Rogers v. Municipal Court (1988)

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[No. A037351. Court of Appeals of California, First Appellate District, Division Five. January 28, 1988.]


(Opinion by Low, P. J., with King and Haning, JJ., concurring.) [197 Cal. App. 3d 1315]


Frank C. S. Pedersen for Petitioner.

No appearance for Respondent.

L. Stephen Turer for Real Party in Interest.


LOW, P. J.

In this case, we are asked to decide whether a corporation, through its president who is not an attorney, may file a notice of appeal from an order, decision or award of the labor commissioner pursuant to Labor Code section 98.2. We conclude that the notice of appeal filed in this manner is valid.

The Labor Commissioner issued a decision awarding petitioner Stanley Rogers $1,925.90 for back wages against his employer Solar Electric Engineering, Inc., real party in interest (Solar). The award was served on Solar on November 4, 1985. Solar did not appear at the hearing on the wage claim, asserting that it did not receive notice of the hearing. The award provided in pertinent part: "If an appeal is filed by a corporation, present law requires that the corporation must be represented by an Attorney-at-Law, licensed to practice in the State of California, during all phases, including the filing of Notice of Appeal. A corporation's failure to be represented by an attorney may be cause for dismissal." Within 10 days, Solar filed a notice of appeal signed on behalf of the corporation by its president, Gary Starr, who is not an attorney. Counsel for the corporation did not [197 Cal. App. 3d 1317] appear until the filing of the points and authorities in opposition to petitioner's motion to dismiss.

Petitioner, represented by the Labor Commissioner, filed a motion to dismiss the appeal on the ground that the notice of appeal was not signed by a licensed attorney. The municipal court denied the motion, and petitioner filed a petition for a writ of mandate with the superior court directing the municipal court to dismiss the appeal. An alternative writ of mandate was issued and a hearing was held. After hearing arguments, the superior court denied the petition. Relying on City of Downey v. Johnson (1968) 263 Cal. App. 2d 775, 781 [69 Cal. Rptr. 830], the court drew a distinction between "the capacity of a corporation to sign and file a notice of appeal in propria persona and the capacity of a corporation to execute and file actual pleadings, papers, and briefs in a trial court and argue legal and factual matters in the [absence] of counsel." Although not discussed by the parties in their briefs, the appeal from the judgment denying the petition for writ of mandate directed to the municipal court is nonappealable. (Code Civ. Proc., § 904.1, subd. (a)(4).) The court made the parties aware of this at oral argument, but no party urged the appeal be dismissed. [1] Under unusual circumstances, we may decide to treat an improper appeal as a petition for an extraordinary writ. (Code Civ. Proc., § 904.1, subd. (a)(4);8 Witkin, Cal. Procedure (3d ed. 1985) Extraordinary Writs, § 210, pp. 836-837.) This matter presents an issue of first impression. The issue has been thoroughly briefed and our determination is purely one of law. To dismiss the appeal rather than exercise our discretionary power to reach the merits would be "'"unnecessarily dilatory and circuitous."' [Citation.]" (See Olson v. Cory (1983) 35 Cal. 3d 390, 401 [197 Cal. Rptr. 843, 673 P.2d 720].) We treat petitioner's appeal from the order denying the petition for a writ of mandate as a petition to this court for extraordinary relief and decide the merits of the claim.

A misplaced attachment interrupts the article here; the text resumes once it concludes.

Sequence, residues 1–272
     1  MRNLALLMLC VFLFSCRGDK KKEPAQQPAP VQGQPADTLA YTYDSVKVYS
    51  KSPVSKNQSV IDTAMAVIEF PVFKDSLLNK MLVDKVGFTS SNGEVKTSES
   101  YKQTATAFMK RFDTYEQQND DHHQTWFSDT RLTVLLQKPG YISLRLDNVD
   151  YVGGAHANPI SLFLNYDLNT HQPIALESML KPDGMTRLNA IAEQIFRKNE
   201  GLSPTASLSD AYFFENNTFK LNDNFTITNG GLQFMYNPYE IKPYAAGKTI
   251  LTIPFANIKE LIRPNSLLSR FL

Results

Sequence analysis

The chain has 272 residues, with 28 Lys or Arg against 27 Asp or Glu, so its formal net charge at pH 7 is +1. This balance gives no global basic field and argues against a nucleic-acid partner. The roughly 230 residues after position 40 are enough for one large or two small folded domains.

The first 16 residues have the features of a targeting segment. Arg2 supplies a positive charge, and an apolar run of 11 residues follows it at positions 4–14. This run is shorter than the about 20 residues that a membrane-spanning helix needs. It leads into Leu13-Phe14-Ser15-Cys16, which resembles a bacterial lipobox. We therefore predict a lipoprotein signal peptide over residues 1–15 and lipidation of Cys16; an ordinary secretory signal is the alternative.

One of the responsibilities of the Labor Commissioner is to investigate and prosecute employee wage claims. The commissioner may hold hearings to determine and collect wages on behalf of employees. The hearings are informal, but must preserve the rights of parties. (Lab. Code, § 98, subd. (a).) No pleadings other than a complaint and answer shall be required. (Lab. Code, § 98, subd. (a).) A defendant may elect not to file an answer but appear to contest the claim, or file an answer contesting the claim and not appear at the hearing, or the employer may neither appear nor participate and choose to appeal after the commissioner's decision. No default may be taken against the defendant; instead the commissioner must hear evidence and decide the matter in accordance with the evidence. (Lab. Code, § 98, subd. (f).) [197 Cal. App. 3d 1318]